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Yemeni protesters burn Swedish flag in Sana'a after state-authorized Qur’an desecrations

Yemeni protesters burn the Swedish flag in the capital of Sana’a on August 3, 2023. (Photo by Yemeni media)

Yemeni protesters have set the Swedish flag on fire in condemnation of the recurring acts of desecration of the Holy Qur’an in the Nordic country.

The protest was organized by Yemen’s Office of Youth and Sports in the capital Sana’a on Thursday under the slogan, “The Qur’an is a crown above our heads and a light in our hearts.”

The participants denounced the Swedish authorities' permission for extremists to burn copies of the holy Muslim book, calling for the perpetrators of the crime to be punished.

The Yemeni protesters also called on the international community to take a firm stand against countries that allow insults to Islam and religious sanctities.

Abdullah Obeid, director of the Youth and Sports Office, attended the gathering and condemned the sacrilegious act, calling on Muslim countries to cut relations with Sweden and Denmark.

“We are the people of faith and wisdom, and it is our religious duty to stand firm against this heinous crime,” Obeid said.

“It is Yemeni wisdom that we stand at the forefront of the ranks to call for decisions by the governments of Arab and Islamic countries to sever relations with Sweden and Denmark, and to hold accountable the perpetrators of the crime of burning the Holy Qur’an,” he added.

Obeid underlined that allowing such anti-Islam actions under the pretext of freedom of expression is “unacceptable,” and a provocation to the feelings of Muslims across the world.

Obeid also praised the position of the leader of Yemen's popular Ansarullah resistance movement, Abdul-Malik al-Houthi, on the blasphemous acts and the boycott of Swedish and Danish products.

Under police protection on Thursday, the members of “Danske Patrioter” — a Danish far-right and anti-Islam extremist group — continued the widely-condemned act of Qur'an desecration for the fourth consecutive day in Denmark’s capital Copenhagen.

The ultranationalist group burned the holy Muslim book in front of the Turkish, Iraqi, Egyptian, Saudi Arabian, and Iranian embassies as it chanted slogans against Islam.

The extremist group also live-streamed the sacrilegious act on its Facebook account.

Earlier in the day, a 47-year-old Swedish woman desecrated the Holy Qur’an in Bromma, in the western part of Stockholm, under full protection of the Swedish police.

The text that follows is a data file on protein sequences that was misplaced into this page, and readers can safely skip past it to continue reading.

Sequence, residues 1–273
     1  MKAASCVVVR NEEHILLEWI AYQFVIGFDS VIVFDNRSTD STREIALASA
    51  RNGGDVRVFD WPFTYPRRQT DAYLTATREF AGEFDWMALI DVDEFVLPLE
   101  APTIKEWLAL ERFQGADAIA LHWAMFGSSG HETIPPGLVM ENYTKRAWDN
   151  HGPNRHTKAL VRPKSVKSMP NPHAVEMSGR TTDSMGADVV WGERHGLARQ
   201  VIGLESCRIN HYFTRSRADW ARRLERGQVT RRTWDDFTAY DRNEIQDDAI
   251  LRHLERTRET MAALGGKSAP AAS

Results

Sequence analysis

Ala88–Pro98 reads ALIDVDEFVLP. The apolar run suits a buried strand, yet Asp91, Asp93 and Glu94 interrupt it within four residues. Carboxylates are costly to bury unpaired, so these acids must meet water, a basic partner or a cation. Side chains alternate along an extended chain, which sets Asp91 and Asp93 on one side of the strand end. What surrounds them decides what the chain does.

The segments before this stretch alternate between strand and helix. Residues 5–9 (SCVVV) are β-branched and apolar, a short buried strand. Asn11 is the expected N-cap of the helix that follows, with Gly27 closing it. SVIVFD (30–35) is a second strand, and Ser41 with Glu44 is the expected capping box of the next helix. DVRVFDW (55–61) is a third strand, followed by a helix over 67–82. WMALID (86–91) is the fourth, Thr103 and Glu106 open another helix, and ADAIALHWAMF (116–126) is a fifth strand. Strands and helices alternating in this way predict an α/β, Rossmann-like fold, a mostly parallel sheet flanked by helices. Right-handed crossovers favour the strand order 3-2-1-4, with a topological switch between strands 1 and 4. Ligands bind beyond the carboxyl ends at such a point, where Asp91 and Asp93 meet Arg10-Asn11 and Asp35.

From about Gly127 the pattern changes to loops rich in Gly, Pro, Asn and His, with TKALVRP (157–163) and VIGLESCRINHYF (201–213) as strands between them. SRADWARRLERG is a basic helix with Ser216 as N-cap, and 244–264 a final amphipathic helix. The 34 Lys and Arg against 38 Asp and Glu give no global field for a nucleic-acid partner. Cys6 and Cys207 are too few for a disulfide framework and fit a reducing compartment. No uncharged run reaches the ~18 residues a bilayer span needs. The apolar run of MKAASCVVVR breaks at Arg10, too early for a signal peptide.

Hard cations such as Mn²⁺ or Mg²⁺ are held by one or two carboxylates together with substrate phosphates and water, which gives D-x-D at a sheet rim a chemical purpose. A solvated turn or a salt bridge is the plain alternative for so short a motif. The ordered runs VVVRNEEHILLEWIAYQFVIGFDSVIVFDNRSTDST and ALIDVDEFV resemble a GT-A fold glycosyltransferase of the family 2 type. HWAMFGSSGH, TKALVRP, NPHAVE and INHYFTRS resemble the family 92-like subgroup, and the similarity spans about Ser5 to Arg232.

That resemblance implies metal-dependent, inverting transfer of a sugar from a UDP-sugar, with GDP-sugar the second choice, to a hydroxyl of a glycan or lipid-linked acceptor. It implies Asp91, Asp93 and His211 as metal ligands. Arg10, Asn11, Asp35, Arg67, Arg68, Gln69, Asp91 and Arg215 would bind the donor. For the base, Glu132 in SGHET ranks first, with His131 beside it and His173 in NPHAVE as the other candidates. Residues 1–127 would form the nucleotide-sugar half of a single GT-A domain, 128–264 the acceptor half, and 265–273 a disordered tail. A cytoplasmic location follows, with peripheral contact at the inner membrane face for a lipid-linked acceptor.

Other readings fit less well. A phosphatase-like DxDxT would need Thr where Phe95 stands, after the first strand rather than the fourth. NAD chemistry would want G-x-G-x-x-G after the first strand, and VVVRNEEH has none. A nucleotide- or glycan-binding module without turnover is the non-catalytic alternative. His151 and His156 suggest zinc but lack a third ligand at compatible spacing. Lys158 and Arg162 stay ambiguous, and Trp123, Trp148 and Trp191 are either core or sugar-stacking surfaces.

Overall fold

On Monday, two Sweden-based met set copies of the Holy Qur'an alight outside the Swedish parliament in Stockholm after the police had granted the permit.

One of the menhead has carried out the same actions twice before in the past 40 days, outside Stockholm’s main mosque and later outside Iraq’s embassy.

‘Banning Qur’an desecration not to limit freedom of expression’

Denmark’s Prime Minister Mette Frederiksen said on Thursday that banning the desecration of holy religious books, such as the Qur’an, would not restrict freedom of expression.

Frederiksen made the comment in an interview with the Danish weekly newspaper Weekendavisen after the Danish government announced in a statement that Denmark would explore the possibility of intervening in situations where other countries, cultures and religions are demeaned.

“Denmark has condemned the recent Qur’an burnings and is exploring the possibility of intervening in special situations within Danish freedom of expression,” Foreign Minister Lars Lokke Rasmussen said in a post on the X social media platform.

Over the past month, the holy Muslim book has been subject to acts of desecration by extremist elements multiple times in Sweden and Denmark, whose governments have sanctioned and justified such insults as "freedom of expression."

The sacrilegious acts have ignited the ire of the entire Muslim community across the globe. Several countries have summoned or expelled Swedish and Danish ambassadors.

The Nordic countries have deplored the desecration of the Qur’an but claimed that they cannot prevent it under constitutional laws protecting freedom of speech.

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